Which does an okay job. It’s nothing to write home about but it has some moments and provides a different landscape to the rest of the song. It’s quiet and atmospheric, if a little typical of pop-punk bands unsuccessfully trying to keep up with the trends. The bridge ends with a Thirty-Seconds-To-Mars-esque woah-oh-oh-oh which provides the basis for a guitar solo straight out of a beginner’s repertoire.

All in all Actual Pain is a weak attempt at trying to stay relevant and is years behind anything that’s happening now. The kids that made Good Charlotte successful have grown up and moved on and the kids that decide what’s popular now are not falling for emo love songs anymore.

Same sound – Different band


Photo credit: The Longshot official Instagram page

The build-up leading to The Longshot’s debut album Love Is For Losers was brief but intriguing. After a few weeks of secretive social media activity followed by a few ambiguous Instagram posts, Billie Joe Armstrong’s new project surprised everyone with an album that seems shiny from a distance. After some promise in the opening tracks the album is fleshed out by monotony and then rounded off by a partial cover of Ozzy Osbourne’s Goodbye To Romance. 

The Last Time opens the album up with a real kick. There’s no build up. No warning. Just a sucker punch into the ears before Billie Joe’s trademark voice delivers vocals in a truly pop-punk fashion. They’re catchy and digestible with a predictable rhyme-scheme which means that all you have to do is sit back, relax, and get taken back to a time of juvenile heartbreak and self-pitying. The verses are accented with a fun clap-beat while the chorus is filled out with a 50s style echo giving the song a happy-go-lucky feel. Leading us out of the chorus is a guitar solo that feels a bit tired and maybe even a little drunk, as if it’s trying to keep up with the backing track that’s being provided for it, a sense of confusion that is carried on through the bridge. After that it fades into obscurity as the verses and chorus are recycled in the same order.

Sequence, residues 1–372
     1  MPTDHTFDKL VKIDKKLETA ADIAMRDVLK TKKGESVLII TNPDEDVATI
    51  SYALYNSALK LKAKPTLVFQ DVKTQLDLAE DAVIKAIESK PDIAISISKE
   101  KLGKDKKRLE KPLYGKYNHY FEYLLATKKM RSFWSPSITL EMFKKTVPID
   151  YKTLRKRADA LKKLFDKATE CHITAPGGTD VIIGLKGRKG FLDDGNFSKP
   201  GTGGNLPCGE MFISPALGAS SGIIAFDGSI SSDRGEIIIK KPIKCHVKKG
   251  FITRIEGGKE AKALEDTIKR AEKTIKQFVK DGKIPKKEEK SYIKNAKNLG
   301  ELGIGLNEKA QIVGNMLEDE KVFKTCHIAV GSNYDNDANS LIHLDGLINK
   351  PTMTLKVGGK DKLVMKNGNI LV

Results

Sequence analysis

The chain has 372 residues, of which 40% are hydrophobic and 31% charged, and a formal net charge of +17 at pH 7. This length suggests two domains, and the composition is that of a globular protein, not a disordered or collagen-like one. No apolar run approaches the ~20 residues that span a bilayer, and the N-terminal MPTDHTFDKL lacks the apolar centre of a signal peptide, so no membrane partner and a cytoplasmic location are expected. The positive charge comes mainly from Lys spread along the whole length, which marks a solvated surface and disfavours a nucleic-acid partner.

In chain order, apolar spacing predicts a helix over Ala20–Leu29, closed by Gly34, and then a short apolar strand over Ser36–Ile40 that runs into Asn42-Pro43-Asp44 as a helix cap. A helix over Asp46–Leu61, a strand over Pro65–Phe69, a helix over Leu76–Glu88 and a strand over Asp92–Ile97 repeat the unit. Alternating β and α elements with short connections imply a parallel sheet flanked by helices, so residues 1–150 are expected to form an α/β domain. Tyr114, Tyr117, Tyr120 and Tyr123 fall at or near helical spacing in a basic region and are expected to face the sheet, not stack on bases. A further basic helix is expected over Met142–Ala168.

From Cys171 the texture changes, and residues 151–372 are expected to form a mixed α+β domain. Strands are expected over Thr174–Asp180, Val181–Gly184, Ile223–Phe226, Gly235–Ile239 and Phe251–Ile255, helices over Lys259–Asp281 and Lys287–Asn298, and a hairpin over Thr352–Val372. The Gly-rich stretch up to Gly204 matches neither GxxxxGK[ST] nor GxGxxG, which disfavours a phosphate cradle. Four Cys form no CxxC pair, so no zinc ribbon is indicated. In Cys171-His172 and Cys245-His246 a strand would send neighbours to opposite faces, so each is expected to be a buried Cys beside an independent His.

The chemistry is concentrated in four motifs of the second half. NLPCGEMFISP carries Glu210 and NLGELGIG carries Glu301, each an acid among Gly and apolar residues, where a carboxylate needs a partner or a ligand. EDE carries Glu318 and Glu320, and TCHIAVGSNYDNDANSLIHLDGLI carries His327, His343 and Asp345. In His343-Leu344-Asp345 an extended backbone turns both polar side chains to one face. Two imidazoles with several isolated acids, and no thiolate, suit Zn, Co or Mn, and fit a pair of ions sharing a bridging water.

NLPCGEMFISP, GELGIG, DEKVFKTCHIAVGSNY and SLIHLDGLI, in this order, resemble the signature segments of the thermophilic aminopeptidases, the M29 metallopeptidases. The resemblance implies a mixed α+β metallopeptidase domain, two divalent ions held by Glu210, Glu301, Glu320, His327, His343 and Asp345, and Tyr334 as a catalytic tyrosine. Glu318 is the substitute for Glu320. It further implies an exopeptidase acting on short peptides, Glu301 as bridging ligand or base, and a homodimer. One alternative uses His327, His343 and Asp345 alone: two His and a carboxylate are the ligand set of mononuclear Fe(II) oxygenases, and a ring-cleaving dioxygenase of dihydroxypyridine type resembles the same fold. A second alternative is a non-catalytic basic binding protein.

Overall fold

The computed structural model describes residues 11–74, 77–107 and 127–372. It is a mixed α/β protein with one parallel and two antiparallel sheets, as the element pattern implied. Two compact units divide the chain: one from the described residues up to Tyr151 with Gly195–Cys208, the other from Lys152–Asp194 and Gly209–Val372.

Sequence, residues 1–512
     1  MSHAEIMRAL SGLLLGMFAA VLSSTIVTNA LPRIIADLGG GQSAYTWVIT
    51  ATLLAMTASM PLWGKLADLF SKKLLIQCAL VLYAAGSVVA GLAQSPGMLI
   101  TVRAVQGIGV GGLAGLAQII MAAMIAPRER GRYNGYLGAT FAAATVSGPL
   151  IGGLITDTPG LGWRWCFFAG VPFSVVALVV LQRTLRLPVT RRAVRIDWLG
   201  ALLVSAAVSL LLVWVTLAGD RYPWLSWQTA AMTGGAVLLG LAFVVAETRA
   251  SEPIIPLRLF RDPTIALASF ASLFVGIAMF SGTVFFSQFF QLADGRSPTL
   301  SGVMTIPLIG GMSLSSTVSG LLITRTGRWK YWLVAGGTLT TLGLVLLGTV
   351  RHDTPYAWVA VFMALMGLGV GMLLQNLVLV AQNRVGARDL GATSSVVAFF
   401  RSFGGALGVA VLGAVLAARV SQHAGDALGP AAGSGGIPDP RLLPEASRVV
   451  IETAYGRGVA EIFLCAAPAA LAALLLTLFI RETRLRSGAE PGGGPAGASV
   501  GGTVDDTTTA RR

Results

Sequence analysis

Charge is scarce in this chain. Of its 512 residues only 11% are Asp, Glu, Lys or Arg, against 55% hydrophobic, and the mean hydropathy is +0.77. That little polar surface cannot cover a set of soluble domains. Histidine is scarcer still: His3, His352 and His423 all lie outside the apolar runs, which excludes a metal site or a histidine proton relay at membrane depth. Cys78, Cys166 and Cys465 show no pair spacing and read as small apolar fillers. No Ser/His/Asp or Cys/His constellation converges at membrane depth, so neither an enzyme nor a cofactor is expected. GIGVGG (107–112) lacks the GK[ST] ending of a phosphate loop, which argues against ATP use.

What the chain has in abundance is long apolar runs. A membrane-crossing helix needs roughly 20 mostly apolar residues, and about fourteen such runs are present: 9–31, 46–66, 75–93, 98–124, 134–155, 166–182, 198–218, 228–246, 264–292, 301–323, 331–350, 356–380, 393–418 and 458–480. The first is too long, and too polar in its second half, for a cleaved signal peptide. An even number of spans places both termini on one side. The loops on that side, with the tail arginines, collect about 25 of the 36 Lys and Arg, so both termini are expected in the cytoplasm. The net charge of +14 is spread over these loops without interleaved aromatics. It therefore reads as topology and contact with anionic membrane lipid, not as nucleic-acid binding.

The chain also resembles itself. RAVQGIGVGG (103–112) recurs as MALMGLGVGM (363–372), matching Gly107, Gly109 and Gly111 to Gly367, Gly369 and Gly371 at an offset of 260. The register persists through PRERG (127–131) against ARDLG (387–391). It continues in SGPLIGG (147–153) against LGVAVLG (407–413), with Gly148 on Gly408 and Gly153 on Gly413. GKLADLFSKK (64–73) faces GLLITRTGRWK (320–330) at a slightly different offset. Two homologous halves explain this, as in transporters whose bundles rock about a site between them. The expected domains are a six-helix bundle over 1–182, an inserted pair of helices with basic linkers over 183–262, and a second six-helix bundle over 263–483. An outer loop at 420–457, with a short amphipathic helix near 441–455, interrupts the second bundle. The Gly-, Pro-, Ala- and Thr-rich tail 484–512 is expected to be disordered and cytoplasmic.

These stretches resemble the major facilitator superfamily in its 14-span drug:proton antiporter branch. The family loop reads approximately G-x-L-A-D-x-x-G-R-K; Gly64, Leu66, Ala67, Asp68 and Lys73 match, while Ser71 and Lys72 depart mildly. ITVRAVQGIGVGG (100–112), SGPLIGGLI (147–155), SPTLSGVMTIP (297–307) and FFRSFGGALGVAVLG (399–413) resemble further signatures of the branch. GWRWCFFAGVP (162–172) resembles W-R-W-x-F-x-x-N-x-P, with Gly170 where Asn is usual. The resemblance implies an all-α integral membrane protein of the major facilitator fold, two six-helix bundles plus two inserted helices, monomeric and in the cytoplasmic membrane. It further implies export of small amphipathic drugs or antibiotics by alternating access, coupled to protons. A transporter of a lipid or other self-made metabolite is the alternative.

In the third track Chasing A Ghost we hear Billie Joe take a step back and have a chuckle at being a man of his age and still being a punk rocker. This is a song about being an elder statesman in a game that, historically, has been dominated by angsty, rebellious youths. It could be seen as an aural interpretation of Ordinary World, the comedy-drama starring The Longshot frontman. Musically, the song takes a slightly different path to its predecessors as it slows down a bit and allows for more dynamics which allows the listener to take a peek into Billie Joe’s mind. Underneath the fun and the satire we see a man who is struggling to accept that the life of a punk rocker isn’t his life anymore. The break after the bridge threatens to keep flying along but then wisely slows down into a nice little guitar driven breather before jumping back into the mayhem.

The title track of an album is supposed to be a landmark. If all else fails, that should be the one track that saves it. Unfortunately Love Is For Losers is quite the opposite. The first impression is that this is Green Day if they took a green day before recording the song. It’s sluggish and, quite frankly, lazy. Almost as if the band sees the song as a filler track more than anything else. The chorus gives a tired nod to Waiting, from Green Day’s album Warning as it steals the chord progression and melody line and tries to make it its own. Lyrically the song is juvenile and makes you wonder if they were really written by Billie Joe as he tries to fill the shoes of someone embittered by love.

After Cult Hero picks up the tempo again and tells the world how Billie Joe feels like an outcast that wants to be a cult leader we’re hit with the frenetic Kill Your Friends, an angsty acceptance of death. This is the closest to a complete reincarnation of Green Day on the album as Billie Joe’s phrasing hints at something familiar and his lyrics shine a light of nostalgia on the ears of the emo generation. After the first chorus, though, it loses its sheen and becomes more like a band playing at a quiet bar in the middle of nowhere, complete with a very basic guitar solo. One’s ears might perk up at the end of the bridge as there’s an interesting little movement but after that it reverts back to the same monotony as before.

After a few more forgettable songs the album reaches its curtain call. Goodbye To Romance is a nice change of pace, if a little too late, and a mature ending to the album. While this is a cover of an Ozzy Osbourne song, the first verse was written by Billie Joe and is an honest look at the man. The rest of the song is maturely handled and has a Longshot spin on it while still staying true to the original version. For the first time it seems that all the musicians are listening to each other instead of trying to force a high energy punk sound and finally a song with movement and emotion is created. The nostalgia is there. The sadness is there and it is the perfect way to end an album about moving on.

Overall The Longshot’s first offering isn’t worth the fuss that has been made about it. A mostly monotonous trip down nostalgia lane that sounds more like a beer filled jam session between a bunch of dads than an album that is supposed to signify a new step in the careers of Billie Joe and company. While there were some good moments, namely Goodbye To Romance, as a whole the album fades into oblivion the same way that background music becomes white noise at a fancy cocktail party.

All that Love Is For Losers achieves is making the listener wonder why Billie Joe started a whole new band if all they are is an attempted re-creation of Green Day.